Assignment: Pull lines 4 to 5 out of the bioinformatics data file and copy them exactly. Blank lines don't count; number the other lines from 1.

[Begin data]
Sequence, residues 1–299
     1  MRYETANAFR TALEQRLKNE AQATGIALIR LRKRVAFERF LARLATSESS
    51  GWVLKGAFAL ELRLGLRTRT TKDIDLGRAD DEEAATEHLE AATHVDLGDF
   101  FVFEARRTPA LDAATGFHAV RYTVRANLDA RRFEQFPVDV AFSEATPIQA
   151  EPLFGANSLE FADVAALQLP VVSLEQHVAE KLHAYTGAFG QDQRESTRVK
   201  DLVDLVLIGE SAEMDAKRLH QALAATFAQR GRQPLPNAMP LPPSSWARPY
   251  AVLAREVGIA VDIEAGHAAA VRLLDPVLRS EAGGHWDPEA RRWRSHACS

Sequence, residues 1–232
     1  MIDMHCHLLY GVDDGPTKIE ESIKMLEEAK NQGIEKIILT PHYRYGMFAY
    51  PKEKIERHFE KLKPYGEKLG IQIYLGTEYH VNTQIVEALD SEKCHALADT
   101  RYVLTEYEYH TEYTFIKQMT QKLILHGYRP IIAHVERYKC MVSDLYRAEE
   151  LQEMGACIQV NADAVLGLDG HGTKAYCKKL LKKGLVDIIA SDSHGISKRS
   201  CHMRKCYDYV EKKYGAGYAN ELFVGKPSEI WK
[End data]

   101  FVFEARRTPA LDAATGFHAV RYTVRANLDA RRFEQFPVDV AFSEATPIQA
   151  EPLFGANSLE FADVAALQLP VVSLEQHVAE KLHAYTGAFG QDQRESTRVK